CAT picked for ‘groundbreaking’ pilot to combat addiction stigma

Center for Addiction Treatment earned selection to take part in Addiction Policy Forum’s national Anti-Stigma Initiative Pilot Program.

CAT is receiving tools to combat discrimination and prejudice related to addiction. A key component is training. Staff will receive instruction on identifying addiction stigma and increasing community knowledge about the disease of addiction. They’ll also tackle new approaches for improving individuals’ interactions with those who struggle with a substance-use disorder.

There are 111 program launch sites across the United States. CAT is one of two organizations from Ohio taking part.

Center for Addiction Treatment

“I believe the Anti-Stigma program will open doors that have been locked,” said Keith Woods, CAT’s outpatient case manager. “This will be the key to new opportunities and relationships that might not have come to pass without the knowledge that would be shared.”

Reducing stigma to increase options for help

Data from Addiction Policy Forum shows that more than 20 million people in the United States struggle with substance-use disorders, or SUDS. The organization noted that addiction often prevents those with SUDs from reaching out for help out of fear being judgement.

Recent research shows that more than 80% of Americans are unwilling to associate with those suffering from SUDs, per the Addiction Policy Forum.

“Stigma also leads to discrimination in a variety of settings, including health care, criminal justice, employment, child custody, and housing, and creates barriers to accessing evidence-informed treatment and harm reduction services,” Addiction Policy Forum wrote in a release. “The public and many professionals continue to view SUDs as a moral failing, which reinforces discriminatory policies and practices and further isolates and deters those struggling from seeking help.”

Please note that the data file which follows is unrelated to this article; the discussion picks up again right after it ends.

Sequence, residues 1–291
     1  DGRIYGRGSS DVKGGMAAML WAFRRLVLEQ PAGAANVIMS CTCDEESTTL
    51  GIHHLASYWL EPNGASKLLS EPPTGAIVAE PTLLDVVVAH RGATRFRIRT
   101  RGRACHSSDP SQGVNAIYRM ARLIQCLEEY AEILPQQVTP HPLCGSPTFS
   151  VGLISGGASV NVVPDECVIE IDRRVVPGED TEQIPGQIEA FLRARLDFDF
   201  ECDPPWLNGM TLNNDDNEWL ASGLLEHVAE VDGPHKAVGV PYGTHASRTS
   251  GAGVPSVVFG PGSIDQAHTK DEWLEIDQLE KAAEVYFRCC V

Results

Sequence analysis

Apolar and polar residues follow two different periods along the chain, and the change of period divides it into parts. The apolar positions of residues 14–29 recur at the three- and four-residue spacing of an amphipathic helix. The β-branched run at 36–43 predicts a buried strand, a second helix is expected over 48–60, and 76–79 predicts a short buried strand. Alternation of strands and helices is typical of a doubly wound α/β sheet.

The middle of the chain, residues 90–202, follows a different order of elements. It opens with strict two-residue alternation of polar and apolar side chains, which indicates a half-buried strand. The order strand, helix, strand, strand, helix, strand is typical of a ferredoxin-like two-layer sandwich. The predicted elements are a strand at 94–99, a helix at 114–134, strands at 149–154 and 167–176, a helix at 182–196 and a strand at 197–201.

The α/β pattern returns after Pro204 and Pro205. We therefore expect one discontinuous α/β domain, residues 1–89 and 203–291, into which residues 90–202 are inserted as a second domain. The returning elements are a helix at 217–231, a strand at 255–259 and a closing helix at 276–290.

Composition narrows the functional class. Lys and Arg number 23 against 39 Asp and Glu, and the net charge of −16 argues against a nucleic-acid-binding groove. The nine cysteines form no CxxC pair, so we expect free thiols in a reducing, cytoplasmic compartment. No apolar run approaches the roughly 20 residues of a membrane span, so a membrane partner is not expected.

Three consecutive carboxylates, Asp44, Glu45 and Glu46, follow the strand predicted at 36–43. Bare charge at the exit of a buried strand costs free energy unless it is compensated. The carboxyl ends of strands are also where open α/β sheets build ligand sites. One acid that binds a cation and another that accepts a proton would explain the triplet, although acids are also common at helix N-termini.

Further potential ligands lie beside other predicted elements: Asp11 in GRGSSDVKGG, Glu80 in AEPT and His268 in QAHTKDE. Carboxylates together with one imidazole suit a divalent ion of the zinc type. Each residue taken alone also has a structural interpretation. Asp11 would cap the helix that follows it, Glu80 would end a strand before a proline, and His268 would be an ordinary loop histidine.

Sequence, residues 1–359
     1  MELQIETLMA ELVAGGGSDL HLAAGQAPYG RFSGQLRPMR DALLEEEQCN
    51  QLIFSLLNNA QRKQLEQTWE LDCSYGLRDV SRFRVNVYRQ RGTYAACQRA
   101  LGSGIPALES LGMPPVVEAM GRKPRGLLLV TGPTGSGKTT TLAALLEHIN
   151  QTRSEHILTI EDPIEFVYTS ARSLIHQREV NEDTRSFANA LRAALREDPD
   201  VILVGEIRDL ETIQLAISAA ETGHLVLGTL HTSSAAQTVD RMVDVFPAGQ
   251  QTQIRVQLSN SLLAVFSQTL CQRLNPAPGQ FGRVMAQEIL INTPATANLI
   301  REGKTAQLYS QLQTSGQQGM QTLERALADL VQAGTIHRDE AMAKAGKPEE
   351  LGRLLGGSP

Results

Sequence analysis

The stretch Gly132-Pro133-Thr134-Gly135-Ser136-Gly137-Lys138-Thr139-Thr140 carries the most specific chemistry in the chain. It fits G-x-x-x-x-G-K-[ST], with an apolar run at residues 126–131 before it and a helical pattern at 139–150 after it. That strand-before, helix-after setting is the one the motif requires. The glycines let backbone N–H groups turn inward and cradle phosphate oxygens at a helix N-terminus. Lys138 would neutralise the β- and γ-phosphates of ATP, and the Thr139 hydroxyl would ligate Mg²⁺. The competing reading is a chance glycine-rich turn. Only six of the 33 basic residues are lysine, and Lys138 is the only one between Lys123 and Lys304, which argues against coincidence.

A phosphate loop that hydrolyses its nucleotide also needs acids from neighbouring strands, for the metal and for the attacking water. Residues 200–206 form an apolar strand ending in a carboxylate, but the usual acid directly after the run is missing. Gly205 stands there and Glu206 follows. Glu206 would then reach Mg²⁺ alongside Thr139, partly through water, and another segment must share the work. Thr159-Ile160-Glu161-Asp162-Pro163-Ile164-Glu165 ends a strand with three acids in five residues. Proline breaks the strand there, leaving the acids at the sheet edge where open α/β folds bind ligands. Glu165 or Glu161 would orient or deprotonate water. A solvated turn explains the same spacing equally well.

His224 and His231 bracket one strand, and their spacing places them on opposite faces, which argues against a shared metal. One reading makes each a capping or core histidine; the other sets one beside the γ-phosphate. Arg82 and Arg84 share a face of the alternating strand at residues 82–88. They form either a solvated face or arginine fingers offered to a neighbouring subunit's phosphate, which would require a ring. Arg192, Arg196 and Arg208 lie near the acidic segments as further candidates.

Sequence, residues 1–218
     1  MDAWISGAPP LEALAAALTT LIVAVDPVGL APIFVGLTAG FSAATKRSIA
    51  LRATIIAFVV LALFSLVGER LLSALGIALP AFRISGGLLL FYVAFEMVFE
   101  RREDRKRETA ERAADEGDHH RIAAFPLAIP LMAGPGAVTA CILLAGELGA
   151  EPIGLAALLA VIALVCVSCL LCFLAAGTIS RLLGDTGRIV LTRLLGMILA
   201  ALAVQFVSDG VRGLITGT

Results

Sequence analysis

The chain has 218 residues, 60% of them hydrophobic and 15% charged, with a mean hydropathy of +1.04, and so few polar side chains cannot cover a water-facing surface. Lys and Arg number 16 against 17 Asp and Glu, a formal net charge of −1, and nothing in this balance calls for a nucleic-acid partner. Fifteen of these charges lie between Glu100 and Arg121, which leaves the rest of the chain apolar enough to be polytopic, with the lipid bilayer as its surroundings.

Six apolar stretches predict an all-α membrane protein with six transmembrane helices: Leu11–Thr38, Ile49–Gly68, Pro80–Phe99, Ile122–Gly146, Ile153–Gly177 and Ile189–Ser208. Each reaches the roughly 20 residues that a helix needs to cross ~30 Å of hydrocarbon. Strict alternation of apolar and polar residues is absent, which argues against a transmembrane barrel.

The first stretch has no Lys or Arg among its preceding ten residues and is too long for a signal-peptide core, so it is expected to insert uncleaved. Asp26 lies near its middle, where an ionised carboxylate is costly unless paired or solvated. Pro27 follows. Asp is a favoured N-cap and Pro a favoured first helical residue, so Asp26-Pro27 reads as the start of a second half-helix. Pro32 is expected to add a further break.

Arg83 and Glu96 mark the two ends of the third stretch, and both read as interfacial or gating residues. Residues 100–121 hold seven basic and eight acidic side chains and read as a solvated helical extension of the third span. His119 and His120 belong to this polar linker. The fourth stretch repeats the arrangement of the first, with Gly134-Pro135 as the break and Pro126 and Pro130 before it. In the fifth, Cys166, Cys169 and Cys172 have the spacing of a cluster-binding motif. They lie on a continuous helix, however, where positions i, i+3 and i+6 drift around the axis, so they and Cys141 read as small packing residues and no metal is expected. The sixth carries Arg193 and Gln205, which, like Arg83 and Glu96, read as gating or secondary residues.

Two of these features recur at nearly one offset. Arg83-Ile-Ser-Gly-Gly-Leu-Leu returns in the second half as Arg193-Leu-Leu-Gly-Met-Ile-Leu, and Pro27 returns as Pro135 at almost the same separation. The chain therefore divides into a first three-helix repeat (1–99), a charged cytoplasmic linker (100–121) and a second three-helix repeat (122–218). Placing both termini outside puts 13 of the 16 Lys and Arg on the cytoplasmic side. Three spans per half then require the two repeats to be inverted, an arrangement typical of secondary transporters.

Any city, county, tribe, agency or organization in the U.S. can apply to become a pilot site at no cost. Each applicant must test one of two stigma interventions with not less than 50 participants. Pilot sites will also disseminate a stigma survey and collect responses from 50 individuals.

Keith Woods

Sites will also select a program facilitator to support the successful completion of the projects. Woods is that person for CAT.

Woods called the program “groundbreaking” and key to the CAT’s longstanding efforts to reduce stigma in Greater Cincinnati. Started in 1970, CAT provides affordable treatment for those impacted by the disease of addiction to drugs, alcohol and/or gambling. Its individualized care model includes medically monitored detox, short-term residential treatment and medication-assisted treatment.

The facility on Ezzard Charles Drive also offers intensive outpatient programming, including grief services, family education, counseling and support groups.

CAT plans to apply these new tools to all its existing inpatient and outpatient services and treatment offerings, Woods said.

“I have faced stigma my whole life in many forms,” Woods said, “so to be one of the first program facilitators is just proof that stigmas can be broken.”

Center for Addiction Treatment